Another challenge that would have been previously imposed was that building WDAC policies used to only be possible on Windows 10 Enterprise systems. That licensing restriction has since been lifted which will permit building and deploying a policy without issue on this Windows 10 Professional build.

Building and Deploying a Custom Windows-only Policy

For this simple policy, I modified and then merged two separate policies:

  1. The DefaultWindows_Audit.xml template policy located in C:\Windows\schemas\CodeIntegrity\ExamplePolicies. I copy and rename this policy as BasePolicyWindows.xml in this post.

I made the following modifications to DefaultWindows_Audit.xml:

  1. I added the “Disabled:Flight Signing” rule. I have no intention to run Windows Insider Preview (WIP) builds, therefore flight-signed code (i.e. code specially signed for WIP builds) should not be permitted to execute.

I am a huge fan of the DefaultWindows_Audit.xml template policy supplied by Microsoft as it allows Windows (excluding 3rd-party software) in-box kernel and user-mode code to boot, execute, and update without issue. Regardless of the WDAC policy I’m building, I almost always use DefaultWindows_Audit.xml as my baseline policy upon which additional rules are added/merged.

Next, I made the following modifications to the Microsoft recommended block rules:

  1. I removed all the policy rules. Since I will merge these rules into a base policy, I like to minimize confusion by maintaining policy rules in a single base policy, BasePolicyWindows.xml in this case.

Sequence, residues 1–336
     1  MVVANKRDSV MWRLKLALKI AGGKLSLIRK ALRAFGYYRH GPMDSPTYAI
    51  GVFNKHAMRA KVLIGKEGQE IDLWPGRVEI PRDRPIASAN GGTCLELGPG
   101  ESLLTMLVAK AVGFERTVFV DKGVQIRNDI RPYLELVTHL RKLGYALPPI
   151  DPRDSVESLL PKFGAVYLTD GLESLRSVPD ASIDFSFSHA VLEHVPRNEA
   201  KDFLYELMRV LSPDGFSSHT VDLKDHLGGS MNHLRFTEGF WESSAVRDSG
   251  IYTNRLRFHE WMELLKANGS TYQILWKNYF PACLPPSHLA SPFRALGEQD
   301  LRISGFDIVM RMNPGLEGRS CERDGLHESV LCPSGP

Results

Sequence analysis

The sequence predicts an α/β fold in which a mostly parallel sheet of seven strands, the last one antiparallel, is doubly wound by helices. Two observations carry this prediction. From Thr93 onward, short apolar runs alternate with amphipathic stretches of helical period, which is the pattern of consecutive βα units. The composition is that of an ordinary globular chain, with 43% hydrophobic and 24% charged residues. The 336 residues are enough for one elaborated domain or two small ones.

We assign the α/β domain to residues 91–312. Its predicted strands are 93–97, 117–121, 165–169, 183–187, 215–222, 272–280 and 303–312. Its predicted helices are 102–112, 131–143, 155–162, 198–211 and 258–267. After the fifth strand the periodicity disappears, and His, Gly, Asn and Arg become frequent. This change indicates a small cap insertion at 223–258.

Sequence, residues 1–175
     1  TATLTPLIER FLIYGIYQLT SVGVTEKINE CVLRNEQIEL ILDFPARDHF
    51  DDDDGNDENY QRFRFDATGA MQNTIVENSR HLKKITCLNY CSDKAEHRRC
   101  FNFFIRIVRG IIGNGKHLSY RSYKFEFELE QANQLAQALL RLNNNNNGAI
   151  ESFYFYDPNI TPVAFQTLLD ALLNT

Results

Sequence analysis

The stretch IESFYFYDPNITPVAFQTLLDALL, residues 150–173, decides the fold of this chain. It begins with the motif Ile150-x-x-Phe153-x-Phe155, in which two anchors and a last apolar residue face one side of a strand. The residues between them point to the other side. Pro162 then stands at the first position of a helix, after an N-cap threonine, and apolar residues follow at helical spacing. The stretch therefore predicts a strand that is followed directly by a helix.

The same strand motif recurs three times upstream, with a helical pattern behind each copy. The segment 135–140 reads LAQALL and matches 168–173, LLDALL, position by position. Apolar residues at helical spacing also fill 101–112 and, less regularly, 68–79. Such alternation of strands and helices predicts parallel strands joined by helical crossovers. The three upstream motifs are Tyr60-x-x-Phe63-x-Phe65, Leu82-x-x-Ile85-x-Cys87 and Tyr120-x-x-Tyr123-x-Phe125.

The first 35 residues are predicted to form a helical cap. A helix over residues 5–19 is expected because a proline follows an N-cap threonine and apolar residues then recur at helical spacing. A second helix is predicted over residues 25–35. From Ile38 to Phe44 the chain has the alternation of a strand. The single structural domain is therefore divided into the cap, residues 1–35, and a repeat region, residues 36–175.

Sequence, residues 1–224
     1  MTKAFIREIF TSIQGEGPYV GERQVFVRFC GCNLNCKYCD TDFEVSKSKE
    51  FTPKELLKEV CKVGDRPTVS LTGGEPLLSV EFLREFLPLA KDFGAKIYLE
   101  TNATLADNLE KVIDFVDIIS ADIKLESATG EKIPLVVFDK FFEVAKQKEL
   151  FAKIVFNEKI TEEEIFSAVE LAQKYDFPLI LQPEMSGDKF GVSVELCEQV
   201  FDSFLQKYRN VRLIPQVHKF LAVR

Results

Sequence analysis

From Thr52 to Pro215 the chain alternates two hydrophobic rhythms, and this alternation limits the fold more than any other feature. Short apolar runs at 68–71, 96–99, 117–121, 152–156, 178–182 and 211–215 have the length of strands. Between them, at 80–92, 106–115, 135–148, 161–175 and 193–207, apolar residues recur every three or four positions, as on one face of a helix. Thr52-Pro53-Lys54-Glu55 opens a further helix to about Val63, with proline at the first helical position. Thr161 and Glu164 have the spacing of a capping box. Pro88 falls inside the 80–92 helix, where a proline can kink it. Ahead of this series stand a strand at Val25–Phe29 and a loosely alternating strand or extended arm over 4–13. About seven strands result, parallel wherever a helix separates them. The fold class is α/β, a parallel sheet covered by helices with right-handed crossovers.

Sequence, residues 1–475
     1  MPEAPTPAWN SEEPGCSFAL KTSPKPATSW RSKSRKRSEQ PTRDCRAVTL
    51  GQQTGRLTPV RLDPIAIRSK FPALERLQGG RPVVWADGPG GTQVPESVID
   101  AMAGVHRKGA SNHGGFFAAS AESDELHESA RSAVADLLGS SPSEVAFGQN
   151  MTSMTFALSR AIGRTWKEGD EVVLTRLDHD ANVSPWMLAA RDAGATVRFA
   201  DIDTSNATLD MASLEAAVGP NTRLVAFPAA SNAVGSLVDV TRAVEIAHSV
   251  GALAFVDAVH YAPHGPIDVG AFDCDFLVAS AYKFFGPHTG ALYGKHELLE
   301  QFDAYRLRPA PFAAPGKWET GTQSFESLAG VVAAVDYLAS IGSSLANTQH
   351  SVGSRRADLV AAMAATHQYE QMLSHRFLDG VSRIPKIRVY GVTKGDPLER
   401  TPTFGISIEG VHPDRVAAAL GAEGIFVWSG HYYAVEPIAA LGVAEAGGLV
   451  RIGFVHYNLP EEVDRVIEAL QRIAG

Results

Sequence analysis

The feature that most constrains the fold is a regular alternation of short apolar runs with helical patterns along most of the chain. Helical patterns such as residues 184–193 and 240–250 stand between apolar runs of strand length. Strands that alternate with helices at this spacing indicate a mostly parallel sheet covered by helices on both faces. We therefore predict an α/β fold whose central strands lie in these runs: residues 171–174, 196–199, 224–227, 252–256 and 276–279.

Finally, I merged and deployed my policy using the following PowerShell cmdlets:

I then rebooted and ran the Windows build through its courses in audit mode to find no surprises. I then placed WDAC into enforcement mode by removing the “Enabled:Audit Mode” rule and since my daughter has been using it, I’ve been monitoring CodeIntegrity event log events and thus far, I only get block events for Microsoft.Build.dll and Microsoft.Build.Framework.dll being loaded by mscorsvw.exe. Both of these rules are present in the Microsoft recommended block rules added as the result of Jimmy’s findings here.

There are additional steps that could be taken to further secure the integrity of the deployed WDAC policy against a rogue admin (e.g. policy signing and UEFI policy protection) but I don’t feel they are relevant to this post.

When all was said and done, this whole process of building a policy, auditing it, placing it into enforcement mode and performing follow-on monitoring took just over an hour.


My hope is that any security practitioner who is comfortable with Windows at least experiment with WDAC. As a defender who’s professional work involves helping to develop detection logic for attack technique after attack technique, I sometimes feel defeated at the notion and expectation that every attack technique should be detected, a reality that is far from realistic or achievable in many cases. Knowing what I know about the strength of WDAC enforcement, I have direct experience in working within a reality where the majority of attack techniques are almost completely mitigated by enforcing code integrity.

Again for reference, here are the modified/generated policy files I used on my daughter’s laptop:

Security Researcher, SpecterOps